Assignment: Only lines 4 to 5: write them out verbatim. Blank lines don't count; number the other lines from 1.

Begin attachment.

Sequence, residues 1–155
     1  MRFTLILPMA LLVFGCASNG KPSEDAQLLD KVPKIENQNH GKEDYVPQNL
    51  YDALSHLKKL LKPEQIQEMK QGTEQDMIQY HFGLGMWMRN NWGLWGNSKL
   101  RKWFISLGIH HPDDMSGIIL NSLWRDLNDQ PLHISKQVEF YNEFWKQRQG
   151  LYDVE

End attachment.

   101  RKWFISLGIH HPDDMSGIIL NSLWRDLNDQ PLHISKQVEF YNEFWKQRQG
   151  LYDVE